For example, in 2016, one fund manager had a NAV error go undetected for months before being identified during a routine audit, resulting in millions of dollars in restitution to the fund and several more millions of dollars in fines by the regulator.
Regulators have raised the bar on acceptable market practice in relation to oversight
Regulators in both the US and Canada have made it clear, outsourcing fund accounting does not absolve the fund managers of their fiduciary duty to distribute timely and accurate NAVs.
These events have collectively caused the industry and its regulators to ‘raise the bar’ on acceptable market practice in relation to oversight, and this has gone further to set the expectation that fund boards should have a business continuity plan in place to insure against a future service provider outage or failure. This
could be onerous if managers continue to rely on home grown solutions that often leverage existing middle office systems that were not intended for this purpose, surrounded with cumbersome and fragile spreadsheet-based or semi-manual solutions.
Some fund administrators are offering their clients add-on services to provide protection against a failure of their primary accounting system, but their clients are struggling to understand the logic and value behind this approach as resilience was a primary factor in their original business case.
Oversight & Insurance against service outages should be independent of service provider’s infrastructure
This sentiment was clearly born out in a recent Milestone Group survey of outsourced fund managers where 78% of participants feel that the oversight process should be independent of their service provider(s). The role of shadow accounting, recreating accounting books and records either internally or with a second service provider, is also generally discounted as too costly, and likely to wipe out the cost savings that drove a firm to outsource in the first place.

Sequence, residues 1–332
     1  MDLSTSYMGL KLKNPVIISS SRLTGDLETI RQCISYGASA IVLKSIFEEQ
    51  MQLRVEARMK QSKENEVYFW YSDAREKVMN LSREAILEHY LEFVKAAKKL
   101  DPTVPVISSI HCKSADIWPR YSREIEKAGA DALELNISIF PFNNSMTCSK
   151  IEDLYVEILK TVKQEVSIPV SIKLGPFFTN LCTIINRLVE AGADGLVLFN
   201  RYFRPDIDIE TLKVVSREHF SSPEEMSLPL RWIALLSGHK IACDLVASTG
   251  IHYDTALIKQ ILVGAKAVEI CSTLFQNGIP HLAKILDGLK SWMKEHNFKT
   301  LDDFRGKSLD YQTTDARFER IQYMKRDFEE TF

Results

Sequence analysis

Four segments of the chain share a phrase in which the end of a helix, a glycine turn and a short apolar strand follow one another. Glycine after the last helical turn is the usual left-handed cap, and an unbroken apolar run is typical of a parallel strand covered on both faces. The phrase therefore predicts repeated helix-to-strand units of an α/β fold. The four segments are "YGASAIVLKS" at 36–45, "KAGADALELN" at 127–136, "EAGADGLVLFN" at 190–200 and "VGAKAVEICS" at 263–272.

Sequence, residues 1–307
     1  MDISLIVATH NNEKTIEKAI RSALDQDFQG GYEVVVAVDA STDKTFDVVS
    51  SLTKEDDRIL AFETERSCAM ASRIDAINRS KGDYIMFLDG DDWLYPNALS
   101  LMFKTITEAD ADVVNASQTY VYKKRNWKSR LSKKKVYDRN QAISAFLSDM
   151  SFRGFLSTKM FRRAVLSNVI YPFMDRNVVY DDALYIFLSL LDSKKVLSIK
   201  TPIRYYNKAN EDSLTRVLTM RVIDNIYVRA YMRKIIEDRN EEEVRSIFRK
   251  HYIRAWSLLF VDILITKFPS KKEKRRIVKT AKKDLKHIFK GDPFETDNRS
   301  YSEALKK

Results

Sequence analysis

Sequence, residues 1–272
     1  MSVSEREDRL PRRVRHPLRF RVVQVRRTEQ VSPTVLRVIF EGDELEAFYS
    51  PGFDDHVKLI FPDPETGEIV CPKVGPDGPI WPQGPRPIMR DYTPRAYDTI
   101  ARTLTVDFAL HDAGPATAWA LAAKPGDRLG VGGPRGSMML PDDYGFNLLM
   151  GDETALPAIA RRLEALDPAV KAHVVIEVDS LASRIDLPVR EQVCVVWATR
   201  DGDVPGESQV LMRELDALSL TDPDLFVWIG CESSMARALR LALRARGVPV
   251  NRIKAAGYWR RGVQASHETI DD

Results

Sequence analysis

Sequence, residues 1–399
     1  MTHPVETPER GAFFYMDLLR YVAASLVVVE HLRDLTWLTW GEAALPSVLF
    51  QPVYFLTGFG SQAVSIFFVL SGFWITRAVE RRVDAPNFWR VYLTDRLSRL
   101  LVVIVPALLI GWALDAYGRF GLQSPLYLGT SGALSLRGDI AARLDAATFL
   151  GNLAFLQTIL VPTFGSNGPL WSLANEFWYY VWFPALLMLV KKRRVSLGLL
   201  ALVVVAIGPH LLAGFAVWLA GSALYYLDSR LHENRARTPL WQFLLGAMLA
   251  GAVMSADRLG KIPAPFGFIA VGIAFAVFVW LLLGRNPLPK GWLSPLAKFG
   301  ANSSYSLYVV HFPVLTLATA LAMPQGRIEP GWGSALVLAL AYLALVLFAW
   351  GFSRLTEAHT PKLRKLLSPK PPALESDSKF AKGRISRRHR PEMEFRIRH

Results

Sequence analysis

Still on the cost theme, a common concern shared by many in the industry relates to freeing up operational budget to strengthen oversight and contingent NAV capabilities given fierce competition for available budgets.
Among industry peers there is a common lament:
“I realize that my current oversight process is not great, but it appears to be working… for now at least”
The sentiment is that if nothing or little has gone wrong for a period of time, then there is a prima facie case that risk of an oversight
failure is being effectively managed.
It is therefore not a surprise that initiatives to fortify oversight and contingent NAV capabilities often follow an actual loss event, near miss or regulatory directive.
So how will this play out?
Fortunately, there is an organization whose business is to anticipate and contribute to the effective resolution of such industry challenges. At Milestone Group we have the global perspective, local market engagement and business mandate to work with the investment industry on exactly this type of issue. Since 2011, our pControl Oversight solution has been strengthening oversight functions of leading fund managers globally. In 2015 we engaged with the US market to respond to a more urgent demand for an accurate and cost effective contingent NAV capability.
As a result, Milestone Group is now deploying a new and powerful backup NAV capability, enabling organizations to demonstrate an effective contingency plan to deal with the possibility of a limited or sustained service provider outage. It is fully integrated with the automated pControl Oversight capability leading to an accurate, high confidence and lowcost solution for outsourced functions. It can also be deployed independently for organizations with in-house fund accounting systems or administrators seeking to fortify fund accounting infrastructure.
As pioneers and global leaders of industrialized, commercially available oversight and backup NAV capabilities we are here to say, you are not alone…